According to al Zuhayli, “Riba is a surplus of commodity without counter-value in commutative transaction of property for property.” The intent of such a transaction is a surplus of commodities. Therefore, the definition of riba includes both credit riba and invalid sales, since postponement in either of the indemnities is a legal surplus without perceivable material recompense, the delay usually due to an increase in compensation. Furthermore, Usmani says that “Any excess claimed in a credit transaction (of money exchange of money) is against nothing but time.”

There are two types of riba forbidden in Islam, credit and surplus riba. “Credit riba is taken against a delay in settlement of a due debt, regardless whether the debt be that of goods sold or a loan.” Therefore, “Credit riba occurs due to their inclusion of an increase in one of the two exchanged goods without any counter-value. The impermissibility of exchanging equal amounts is due to the resulting increase in value. Zuhayli explains that this is because neither of the contracting parties would usually accept to postpone the receiving of the payment save if there were some benefit by increase in the value thereby. Credit riba represents a violation of the ‘hand to hand’ rule when one or both counter-values of a transaction are postponed to a future date (of goods of same genus). Riba of delay or credit riba prohibits sale of commodities in the future even if the counter- values are equal. 

Gold is to be paid for by gold, silver by silver, wheat by wheat, barley by barley, dates by dates, and salt by salt, like for like and equal for equal, payment being made hand to hand. If these classes differ, then sell as you wish if payment is made hand to hand.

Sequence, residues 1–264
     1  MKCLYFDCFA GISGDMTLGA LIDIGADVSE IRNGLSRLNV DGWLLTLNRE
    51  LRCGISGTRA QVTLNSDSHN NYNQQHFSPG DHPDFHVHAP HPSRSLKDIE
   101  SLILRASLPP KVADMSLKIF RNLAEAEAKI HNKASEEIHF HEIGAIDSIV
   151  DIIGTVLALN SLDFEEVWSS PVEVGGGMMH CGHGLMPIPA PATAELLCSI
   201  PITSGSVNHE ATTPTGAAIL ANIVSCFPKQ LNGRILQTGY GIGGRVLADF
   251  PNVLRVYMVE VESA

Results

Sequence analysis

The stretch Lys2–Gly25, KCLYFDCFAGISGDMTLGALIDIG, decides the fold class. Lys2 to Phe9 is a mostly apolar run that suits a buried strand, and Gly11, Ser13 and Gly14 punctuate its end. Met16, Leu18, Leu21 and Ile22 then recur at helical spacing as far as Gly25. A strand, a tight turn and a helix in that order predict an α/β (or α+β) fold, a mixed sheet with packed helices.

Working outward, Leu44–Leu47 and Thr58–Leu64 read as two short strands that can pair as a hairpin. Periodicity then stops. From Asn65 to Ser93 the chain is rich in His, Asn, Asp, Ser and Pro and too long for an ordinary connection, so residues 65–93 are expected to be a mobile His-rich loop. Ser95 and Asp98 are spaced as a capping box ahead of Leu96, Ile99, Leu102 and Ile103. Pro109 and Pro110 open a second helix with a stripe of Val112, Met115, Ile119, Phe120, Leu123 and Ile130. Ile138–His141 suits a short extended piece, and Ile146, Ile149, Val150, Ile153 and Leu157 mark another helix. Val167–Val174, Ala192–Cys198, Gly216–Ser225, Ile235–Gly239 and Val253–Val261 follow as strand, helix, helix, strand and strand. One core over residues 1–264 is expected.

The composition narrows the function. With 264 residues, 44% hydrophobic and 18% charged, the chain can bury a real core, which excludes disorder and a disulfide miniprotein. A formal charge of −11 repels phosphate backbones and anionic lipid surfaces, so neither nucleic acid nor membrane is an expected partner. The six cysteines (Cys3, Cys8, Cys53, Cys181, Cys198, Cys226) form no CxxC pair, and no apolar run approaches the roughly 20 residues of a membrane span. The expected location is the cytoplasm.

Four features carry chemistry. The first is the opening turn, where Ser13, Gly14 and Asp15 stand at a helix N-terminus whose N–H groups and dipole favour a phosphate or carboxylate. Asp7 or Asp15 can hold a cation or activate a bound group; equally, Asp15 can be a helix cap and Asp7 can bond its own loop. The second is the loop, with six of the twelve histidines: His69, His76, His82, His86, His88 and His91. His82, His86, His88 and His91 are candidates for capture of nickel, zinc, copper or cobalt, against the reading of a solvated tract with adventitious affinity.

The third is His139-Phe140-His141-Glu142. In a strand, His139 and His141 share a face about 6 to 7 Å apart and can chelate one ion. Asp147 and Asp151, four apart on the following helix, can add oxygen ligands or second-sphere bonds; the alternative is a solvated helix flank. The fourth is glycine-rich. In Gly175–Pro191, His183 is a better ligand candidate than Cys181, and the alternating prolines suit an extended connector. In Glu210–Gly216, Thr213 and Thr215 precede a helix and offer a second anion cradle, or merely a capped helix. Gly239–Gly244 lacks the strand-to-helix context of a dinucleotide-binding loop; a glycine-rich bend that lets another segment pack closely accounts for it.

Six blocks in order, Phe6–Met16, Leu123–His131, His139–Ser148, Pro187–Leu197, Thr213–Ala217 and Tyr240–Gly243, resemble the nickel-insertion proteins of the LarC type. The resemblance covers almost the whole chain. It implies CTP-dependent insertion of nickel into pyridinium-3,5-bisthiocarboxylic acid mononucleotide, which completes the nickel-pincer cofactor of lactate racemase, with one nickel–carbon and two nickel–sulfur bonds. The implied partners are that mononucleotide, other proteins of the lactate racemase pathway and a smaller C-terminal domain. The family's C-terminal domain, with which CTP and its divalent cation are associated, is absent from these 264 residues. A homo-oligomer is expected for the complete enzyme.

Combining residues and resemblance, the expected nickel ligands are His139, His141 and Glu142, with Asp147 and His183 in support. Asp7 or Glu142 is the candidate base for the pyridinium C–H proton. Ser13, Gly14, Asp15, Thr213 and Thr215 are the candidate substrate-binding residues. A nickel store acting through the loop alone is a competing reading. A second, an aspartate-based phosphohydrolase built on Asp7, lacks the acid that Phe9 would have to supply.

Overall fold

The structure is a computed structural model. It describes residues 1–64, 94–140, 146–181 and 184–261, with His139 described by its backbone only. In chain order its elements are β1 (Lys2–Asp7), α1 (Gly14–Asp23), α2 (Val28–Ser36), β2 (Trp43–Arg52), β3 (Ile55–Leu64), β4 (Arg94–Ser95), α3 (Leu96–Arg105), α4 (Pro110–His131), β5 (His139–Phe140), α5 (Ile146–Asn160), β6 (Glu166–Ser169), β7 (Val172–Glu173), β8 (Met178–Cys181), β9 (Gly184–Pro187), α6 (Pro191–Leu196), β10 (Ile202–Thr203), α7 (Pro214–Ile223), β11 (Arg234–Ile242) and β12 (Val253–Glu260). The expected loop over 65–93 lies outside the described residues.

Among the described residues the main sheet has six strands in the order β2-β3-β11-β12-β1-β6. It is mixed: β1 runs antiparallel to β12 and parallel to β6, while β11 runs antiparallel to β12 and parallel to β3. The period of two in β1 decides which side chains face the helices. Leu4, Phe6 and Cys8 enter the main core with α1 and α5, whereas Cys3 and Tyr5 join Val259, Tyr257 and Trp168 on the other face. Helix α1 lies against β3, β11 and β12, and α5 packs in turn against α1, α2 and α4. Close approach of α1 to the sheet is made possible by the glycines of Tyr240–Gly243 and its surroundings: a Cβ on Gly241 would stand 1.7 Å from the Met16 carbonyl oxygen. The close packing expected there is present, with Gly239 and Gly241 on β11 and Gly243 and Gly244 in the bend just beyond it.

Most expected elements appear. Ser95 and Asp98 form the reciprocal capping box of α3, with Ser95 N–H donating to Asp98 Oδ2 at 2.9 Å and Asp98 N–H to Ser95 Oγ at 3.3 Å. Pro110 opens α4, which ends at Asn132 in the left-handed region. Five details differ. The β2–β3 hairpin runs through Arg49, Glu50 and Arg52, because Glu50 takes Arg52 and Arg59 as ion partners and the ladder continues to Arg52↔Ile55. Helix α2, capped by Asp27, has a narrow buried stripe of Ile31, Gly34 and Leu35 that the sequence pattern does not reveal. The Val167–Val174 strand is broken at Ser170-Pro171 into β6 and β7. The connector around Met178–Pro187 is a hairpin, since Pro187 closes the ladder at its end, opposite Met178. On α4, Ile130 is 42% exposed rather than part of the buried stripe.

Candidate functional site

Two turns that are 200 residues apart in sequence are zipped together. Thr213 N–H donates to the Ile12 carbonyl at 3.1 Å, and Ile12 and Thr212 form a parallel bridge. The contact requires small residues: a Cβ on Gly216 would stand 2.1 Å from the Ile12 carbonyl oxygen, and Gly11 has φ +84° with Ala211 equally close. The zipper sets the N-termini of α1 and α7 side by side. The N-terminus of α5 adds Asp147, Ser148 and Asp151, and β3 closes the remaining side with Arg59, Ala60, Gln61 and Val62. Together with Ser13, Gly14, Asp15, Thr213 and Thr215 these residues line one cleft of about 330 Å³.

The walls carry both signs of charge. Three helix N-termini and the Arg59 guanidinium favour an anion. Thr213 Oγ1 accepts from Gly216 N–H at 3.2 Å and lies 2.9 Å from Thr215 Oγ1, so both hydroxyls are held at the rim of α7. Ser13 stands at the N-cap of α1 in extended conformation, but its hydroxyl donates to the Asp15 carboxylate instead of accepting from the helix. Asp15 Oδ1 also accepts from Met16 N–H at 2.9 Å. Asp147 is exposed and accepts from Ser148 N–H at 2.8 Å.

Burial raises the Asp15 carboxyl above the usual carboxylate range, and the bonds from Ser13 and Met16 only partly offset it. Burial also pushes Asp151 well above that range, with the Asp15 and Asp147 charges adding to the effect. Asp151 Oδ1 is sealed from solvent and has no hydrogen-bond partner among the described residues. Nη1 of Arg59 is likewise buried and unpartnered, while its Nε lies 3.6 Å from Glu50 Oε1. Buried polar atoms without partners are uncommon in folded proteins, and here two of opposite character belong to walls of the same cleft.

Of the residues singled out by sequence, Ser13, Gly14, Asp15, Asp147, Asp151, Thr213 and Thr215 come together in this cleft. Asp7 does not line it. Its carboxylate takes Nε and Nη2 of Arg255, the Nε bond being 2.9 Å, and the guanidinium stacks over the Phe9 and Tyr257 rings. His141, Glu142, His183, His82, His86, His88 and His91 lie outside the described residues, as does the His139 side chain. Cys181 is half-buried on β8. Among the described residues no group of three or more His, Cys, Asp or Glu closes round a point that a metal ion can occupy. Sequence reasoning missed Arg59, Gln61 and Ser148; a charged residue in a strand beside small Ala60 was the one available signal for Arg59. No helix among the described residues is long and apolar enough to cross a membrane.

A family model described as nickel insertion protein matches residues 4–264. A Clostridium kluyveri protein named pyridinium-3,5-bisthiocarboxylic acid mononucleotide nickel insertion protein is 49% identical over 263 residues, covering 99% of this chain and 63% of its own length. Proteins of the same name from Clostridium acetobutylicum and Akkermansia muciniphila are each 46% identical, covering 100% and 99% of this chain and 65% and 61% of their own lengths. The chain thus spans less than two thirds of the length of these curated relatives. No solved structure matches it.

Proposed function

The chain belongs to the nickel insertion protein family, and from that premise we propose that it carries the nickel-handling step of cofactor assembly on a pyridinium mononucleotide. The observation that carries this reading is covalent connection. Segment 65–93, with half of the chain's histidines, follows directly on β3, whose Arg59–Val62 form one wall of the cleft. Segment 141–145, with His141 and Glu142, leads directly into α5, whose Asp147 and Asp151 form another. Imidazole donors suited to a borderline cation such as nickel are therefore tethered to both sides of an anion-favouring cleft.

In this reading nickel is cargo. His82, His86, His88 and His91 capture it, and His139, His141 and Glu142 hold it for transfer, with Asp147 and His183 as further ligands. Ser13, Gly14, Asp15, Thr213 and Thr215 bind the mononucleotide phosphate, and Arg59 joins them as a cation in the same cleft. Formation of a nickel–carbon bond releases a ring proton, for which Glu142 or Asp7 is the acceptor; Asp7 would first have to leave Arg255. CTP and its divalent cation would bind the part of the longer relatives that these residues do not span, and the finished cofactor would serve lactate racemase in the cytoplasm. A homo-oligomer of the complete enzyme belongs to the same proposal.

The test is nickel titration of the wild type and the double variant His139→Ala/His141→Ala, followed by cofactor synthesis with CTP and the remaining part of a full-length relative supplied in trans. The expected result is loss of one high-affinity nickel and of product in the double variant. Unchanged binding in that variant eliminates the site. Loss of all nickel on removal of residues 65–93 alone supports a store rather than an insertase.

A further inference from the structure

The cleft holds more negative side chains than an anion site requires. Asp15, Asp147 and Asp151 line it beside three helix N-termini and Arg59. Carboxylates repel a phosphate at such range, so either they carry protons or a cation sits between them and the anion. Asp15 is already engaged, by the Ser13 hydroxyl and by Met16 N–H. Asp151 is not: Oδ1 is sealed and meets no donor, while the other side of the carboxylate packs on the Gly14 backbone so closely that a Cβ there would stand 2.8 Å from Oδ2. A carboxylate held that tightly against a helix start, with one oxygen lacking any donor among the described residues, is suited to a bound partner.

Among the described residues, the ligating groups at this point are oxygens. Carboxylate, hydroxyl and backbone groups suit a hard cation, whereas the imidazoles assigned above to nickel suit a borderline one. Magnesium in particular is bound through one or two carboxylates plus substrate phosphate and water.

The six goods mentioned in this hadith are ribawi goods. Violation of “same for same” can lead to riba of excess or surplus riba and not fulfilling “hand to hand” (i.e. spot transaction) would constitute riba of delay or credit riba. If there is exchange among the same specie of ribawi goods, it has to be done on the spot and should be of equal quantities. If the quantities exchanged differ, even in spot transactions, then it will constitute riba of excess or surplus riba. Rules of riba of excess also prohibit exchange of dissimilar quantities of a genus with different qualities (such as exchanging one unit of high quality dates with two units of low quality dates).

Zuhayli explains that “This type of riba is forbidden in order to prevent it being used as a pretext to committing credit riba, such that a person sells gold, for example, on credit, then pays back in silver more than the equivalent of what he had taken in gold.” To avoid riba, the commodity has to be exchanged with some other genus and then traded with the desired commodity (high quality dates with wheat or silver and then wheat or silver with low quality dates). Camille Paldi can be contacted at camille@faaif.com.

 

 

 

 

 

 

 

Posted on 7th May 2015 by Camille Silla Paldi